“We are already preparing papers to get him deported back to India,” an NIA official told BenarNews on condition of anonymity. Naik, who left the country in June 2016, is believed to be traveling between the United Arab Emirates and Malaysia.
Meanwhile, the Pan-Malaysian Islamic Party (PAS) president on Friday defended Naik against the charge sheet filed in India, the Malay Mail reported.
“For Muslim individuals, even when they won by using arguments and not weapons, like Dr. Zakir Naik, they are considered terrorists because their arguments cannot be countered,” Hadi said in an opinion piece on Islamophobia published in Harakah Daily.
Naik had been scheduled to appear at a PAS-organized gathering of Muslim scholars in Malaysia’s Kelantan state in July, but cancelled after India revoked his passport.
Arrest warrant issued in April
In April, the Mumbai court issued a so-called non-bailable arrest warrant against Naik after he repeatedly ignored summons issued by India’s Enforcement Directorate to appear to respond to allegations of misuse of foreign funds donated to his NGO.
The Indian government imposed a five-year ban on IRF in November 2016, citing violations by the NGO under the Foreign Contribution Regulation Act and the stringent Unlawful Activities Prevention Act.
“Since the money-laundering case against Naik hinged on the NIA investigation, it was necessary that the agency filed its charge-sheet,” public prosecutor Hiten Venegaonkar told BenarNews.
The NIA’s charge-sheet will allow the agency to approach Interpol for assistance and the Ministry of Foreign Affairs can then initiate the process of bringing Naik back, Venegaonkar said.
The NIA accused Zakir Naik of praising late al-Qaeda leader Osama Bin Laden, supporting suicide attacks and denouncing Hindu gods during sermons delivered through Peace TV. The channel partly funded by the IRF is banned in several countries, including India and Bangladesh.
The NIA has “firmly established that the incriminating public speeches have been in circulation through electronic media such as CD/DVD and web portals Facebook/YouTube etc.,” the charge-sheet said.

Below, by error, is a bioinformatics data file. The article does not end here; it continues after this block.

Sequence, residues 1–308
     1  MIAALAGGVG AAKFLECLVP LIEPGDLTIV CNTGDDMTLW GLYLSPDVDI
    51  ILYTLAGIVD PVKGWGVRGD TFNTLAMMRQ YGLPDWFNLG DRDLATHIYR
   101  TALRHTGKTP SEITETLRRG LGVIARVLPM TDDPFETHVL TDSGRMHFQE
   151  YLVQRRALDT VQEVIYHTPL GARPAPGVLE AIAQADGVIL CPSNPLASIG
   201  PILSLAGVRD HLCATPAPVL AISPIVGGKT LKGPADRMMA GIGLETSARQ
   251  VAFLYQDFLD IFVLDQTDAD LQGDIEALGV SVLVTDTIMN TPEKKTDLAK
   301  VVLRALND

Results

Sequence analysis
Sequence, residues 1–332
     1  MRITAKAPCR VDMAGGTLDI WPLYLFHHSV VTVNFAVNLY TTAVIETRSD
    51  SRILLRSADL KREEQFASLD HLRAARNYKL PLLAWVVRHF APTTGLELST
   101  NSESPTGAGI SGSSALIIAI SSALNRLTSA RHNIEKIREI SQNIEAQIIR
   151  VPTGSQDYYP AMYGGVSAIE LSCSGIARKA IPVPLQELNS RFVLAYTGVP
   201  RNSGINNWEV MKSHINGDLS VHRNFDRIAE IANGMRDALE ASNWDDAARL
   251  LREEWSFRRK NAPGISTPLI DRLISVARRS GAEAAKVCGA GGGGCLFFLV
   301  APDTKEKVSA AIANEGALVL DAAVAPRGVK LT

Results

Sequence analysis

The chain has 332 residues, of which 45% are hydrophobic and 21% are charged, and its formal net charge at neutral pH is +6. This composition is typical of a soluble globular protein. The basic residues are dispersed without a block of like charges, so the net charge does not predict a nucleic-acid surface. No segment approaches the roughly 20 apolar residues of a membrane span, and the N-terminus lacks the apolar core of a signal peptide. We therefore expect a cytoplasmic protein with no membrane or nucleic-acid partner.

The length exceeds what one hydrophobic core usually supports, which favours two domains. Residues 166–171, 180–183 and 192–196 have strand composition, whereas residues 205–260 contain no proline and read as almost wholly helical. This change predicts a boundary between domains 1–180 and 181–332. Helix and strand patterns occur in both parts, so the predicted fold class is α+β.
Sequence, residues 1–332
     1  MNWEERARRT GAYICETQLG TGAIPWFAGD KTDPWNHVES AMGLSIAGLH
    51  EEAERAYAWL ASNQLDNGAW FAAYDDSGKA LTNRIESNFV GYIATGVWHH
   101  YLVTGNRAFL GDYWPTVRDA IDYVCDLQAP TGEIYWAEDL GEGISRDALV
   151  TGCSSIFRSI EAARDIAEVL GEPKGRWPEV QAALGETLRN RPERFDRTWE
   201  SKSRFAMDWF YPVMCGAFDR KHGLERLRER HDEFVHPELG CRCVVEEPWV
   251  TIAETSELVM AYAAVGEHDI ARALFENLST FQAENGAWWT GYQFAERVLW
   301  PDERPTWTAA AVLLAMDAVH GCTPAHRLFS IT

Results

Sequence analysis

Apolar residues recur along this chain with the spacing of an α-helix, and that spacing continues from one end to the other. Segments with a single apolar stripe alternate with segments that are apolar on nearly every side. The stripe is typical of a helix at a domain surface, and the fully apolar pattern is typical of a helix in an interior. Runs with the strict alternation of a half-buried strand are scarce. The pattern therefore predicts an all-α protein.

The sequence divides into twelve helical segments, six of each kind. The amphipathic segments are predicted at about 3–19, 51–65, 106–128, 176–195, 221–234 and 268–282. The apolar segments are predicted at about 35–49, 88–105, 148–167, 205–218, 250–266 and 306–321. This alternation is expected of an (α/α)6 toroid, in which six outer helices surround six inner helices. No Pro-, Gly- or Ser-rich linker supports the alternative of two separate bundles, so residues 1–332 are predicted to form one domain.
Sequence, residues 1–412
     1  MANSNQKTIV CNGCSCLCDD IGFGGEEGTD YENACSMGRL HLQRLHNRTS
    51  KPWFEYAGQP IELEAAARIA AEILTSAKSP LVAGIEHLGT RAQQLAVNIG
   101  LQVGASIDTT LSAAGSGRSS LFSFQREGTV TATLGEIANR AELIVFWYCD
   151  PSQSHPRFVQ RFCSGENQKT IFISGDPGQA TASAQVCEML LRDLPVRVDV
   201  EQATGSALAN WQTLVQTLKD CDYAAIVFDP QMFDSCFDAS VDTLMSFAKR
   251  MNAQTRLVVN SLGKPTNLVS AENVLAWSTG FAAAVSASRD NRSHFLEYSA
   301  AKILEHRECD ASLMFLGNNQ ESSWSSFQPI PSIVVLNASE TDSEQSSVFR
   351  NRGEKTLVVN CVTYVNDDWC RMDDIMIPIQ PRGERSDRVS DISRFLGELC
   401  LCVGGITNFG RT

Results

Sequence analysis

“The minutes of IRF board of trustees’ meeting disclose that IRF has approved, organized, promoted and funded public lectures of accused Zakir Naik, including his incriminating speeches. The seized material such as DVD and books list IRF as the publisher,” it said.
The agency also established the role of HMPL in editing the incriminating material and “forwarding [Naik’s] speeches to the Global Broadcast Corporation Dubai for broadcast in the Peace TV.”
“The derogatory and malicious remarks were not just confined to faiths and beliefs of Hindus or Christians but also included non-Wahabi Muslims, particularly Shia, Sufi and Barelwis,” the NIA said.
The charge-sheet cited cases of several youths who were allegedly influenced by Naik’s sermons and attempted to join the Islamic State.
The accused “never included any reference to alternative interpretations by Muslim scholars of the views he presented nor sought to mitigate the potential offence by providing sufficient context for his remarks,” it said.
Lawyer prepared to challenge extradition
Zakir Naik’s lawyer S. Hariharan said he would wait to decide the next course of action.
“I have yet to receive the charge-sheet. Although as per protocol the charge-sheet is handed to the accused. But in this case, the accused is not present in the country,” Hariharan told Benarnews without divulging Naik’s current location.
“We will most certainly be seeking discharge after we receive the charge-sheet and will also challenge demands for extradition,” he added. (Benar News)